Professor Horst Klein 1931-2012

Horst Klein

Horst Klein unexpectedly died in the presence of his family on 2nd December 2012. Horst Klein was, over several decades, head of the Institute for Applied Physics at the Goethe-University in Frankfurt, Germany. He was a popular lecturer but promoting young academics in the field of Accelerator Physics was a passion. Many of his over 70 doctoral students are successfully working at facilities around the world.

For many decades Horst Klein took part in the work of the LINAC community with enthusiasm and passion. At the Institute of Applied Physics of the Goethe-University he was fascinated as a student by accelerators as pursued by his academic teacher Prof. Dänzer. An important development, as a Ph.D. student, was the Helix ion accelerator beam dynamics and technology, which later on inspired many institutes worldwide. Horst Klein was involved in the first superconducting development of a helical proton accelerator cavity at FZ Karlsruhe, which was tested there successfully with beam.

In 1972 Horst Klein became a professor at Frankfurt University. One remarkable activity was his involvement in the design process and improvement of the GSI linear accelerator UNILAC. During the decades IAP Frankfurt contributed RFQ and buncher cavities to GSI as well as to many other accelerator facilities around the world. A very important ascpect of Horst Klein was the large network of relationships he established within the international accelerator community - many of these connections turned into friendships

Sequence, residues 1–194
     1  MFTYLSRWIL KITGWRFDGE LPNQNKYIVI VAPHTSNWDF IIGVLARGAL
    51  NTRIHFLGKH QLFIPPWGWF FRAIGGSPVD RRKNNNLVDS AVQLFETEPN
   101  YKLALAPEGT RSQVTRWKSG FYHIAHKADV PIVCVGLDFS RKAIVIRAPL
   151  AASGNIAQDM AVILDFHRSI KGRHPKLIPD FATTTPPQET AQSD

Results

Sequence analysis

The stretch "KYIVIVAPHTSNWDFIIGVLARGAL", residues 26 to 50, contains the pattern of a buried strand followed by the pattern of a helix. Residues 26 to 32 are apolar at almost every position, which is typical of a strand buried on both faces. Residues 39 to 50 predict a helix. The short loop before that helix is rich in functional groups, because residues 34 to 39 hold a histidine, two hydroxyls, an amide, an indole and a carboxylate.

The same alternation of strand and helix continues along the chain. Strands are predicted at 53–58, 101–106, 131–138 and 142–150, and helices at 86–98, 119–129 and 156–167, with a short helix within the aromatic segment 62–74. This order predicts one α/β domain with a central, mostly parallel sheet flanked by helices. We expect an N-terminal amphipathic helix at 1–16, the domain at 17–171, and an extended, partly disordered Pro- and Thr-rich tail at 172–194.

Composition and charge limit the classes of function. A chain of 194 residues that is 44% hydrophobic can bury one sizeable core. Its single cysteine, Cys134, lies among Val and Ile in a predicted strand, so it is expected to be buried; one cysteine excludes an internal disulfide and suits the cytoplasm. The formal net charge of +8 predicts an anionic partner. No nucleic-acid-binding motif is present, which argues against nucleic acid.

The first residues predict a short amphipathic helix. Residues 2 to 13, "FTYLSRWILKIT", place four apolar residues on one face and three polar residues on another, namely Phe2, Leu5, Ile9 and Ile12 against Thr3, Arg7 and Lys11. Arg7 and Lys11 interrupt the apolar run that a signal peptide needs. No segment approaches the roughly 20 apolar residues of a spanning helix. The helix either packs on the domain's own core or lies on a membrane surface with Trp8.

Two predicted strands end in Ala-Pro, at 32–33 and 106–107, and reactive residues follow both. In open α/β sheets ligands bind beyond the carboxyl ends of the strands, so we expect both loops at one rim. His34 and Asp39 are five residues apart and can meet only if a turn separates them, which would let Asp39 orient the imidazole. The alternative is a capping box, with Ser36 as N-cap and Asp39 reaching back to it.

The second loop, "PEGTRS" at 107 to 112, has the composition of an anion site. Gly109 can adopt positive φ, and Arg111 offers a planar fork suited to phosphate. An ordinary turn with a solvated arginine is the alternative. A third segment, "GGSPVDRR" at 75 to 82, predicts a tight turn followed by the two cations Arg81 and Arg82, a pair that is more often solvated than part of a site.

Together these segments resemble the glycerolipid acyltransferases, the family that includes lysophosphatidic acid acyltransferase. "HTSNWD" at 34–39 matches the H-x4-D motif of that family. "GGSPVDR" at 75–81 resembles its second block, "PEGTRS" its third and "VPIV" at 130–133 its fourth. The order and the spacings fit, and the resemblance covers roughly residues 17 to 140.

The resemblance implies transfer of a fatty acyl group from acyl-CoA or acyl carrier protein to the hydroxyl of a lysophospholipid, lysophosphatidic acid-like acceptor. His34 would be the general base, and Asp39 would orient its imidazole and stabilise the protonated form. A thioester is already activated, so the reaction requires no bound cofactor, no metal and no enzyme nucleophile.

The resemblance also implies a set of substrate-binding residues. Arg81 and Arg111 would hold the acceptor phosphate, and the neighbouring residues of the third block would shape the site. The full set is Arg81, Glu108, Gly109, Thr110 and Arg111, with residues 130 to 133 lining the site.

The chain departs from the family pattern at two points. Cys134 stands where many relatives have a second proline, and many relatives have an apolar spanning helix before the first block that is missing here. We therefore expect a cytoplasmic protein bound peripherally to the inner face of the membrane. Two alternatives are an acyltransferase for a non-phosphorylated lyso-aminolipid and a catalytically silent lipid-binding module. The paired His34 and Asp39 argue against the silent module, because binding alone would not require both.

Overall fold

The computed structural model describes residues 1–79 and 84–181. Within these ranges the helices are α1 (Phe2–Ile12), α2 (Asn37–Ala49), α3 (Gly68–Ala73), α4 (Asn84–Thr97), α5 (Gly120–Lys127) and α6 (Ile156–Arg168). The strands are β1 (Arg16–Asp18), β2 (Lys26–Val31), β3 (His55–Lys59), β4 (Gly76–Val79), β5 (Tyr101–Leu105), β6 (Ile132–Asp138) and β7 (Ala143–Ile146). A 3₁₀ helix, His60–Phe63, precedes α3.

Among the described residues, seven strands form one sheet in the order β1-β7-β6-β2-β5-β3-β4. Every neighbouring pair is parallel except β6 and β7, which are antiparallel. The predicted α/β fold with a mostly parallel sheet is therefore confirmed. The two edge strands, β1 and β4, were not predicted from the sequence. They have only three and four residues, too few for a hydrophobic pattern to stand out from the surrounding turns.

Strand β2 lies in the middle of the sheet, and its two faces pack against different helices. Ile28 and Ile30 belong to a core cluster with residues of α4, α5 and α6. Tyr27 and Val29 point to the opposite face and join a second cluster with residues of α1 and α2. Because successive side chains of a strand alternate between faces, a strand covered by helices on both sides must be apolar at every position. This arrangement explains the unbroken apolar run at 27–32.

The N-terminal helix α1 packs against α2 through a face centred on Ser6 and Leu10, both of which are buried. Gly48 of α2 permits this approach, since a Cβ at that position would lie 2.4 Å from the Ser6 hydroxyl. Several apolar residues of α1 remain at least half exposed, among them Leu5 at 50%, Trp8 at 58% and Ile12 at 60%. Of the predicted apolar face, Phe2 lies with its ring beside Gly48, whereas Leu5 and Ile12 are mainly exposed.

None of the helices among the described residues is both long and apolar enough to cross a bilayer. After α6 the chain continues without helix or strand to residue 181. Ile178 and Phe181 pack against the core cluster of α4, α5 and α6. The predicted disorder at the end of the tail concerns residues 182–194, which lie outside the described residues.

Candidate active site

Since the late seventies he was involved in the design of a large spallation neutron source and he contributed considerably to the first ESS design report. From the very beginning, Horst Klein was fascinated by the idea of nuclear waste transmutation; he was active in the European MAX project for MYRRHA until his last days. During the nineties a working group was initiated at IAP cooperating with DESY on linear collider cavity development. Last, but not least, his prominent contributions to heavy ion driven inertial fusion, to magnetic fusion via the test facility IFMIF and to intense ion source development have to be mentioned.

Horst Klein was also very active in various functions for the Goethe-University. His diplomatic and kind manner was helpful in finding acceptable compromises even in extremely difficult situations. He served on many committees related to accelerator and nuclear physics programmes.

International conferences were always an important place for him to exchange ideas and to have discussions with the leading experts in the field. As a consequence he was willing to serve for many years as a member in programme and organizing committees: The LINAC conference was best suited for his research activities. Additionally, he was one of the initiators of EPAC, which now is part of IPAC, and of ECAART. His care to give all students and institute staff members an opportunity to attend conferences, to present and to discuss their latest results was very important to Horst.

We will keep a thankful memory of him.

Ulrich Ratzinger, Institute of Applied Physics at Goethe-University, Frankfurt

Winfried Barth, GSI Helmholtzzentrum für Schwerionenforschung, Darmstadt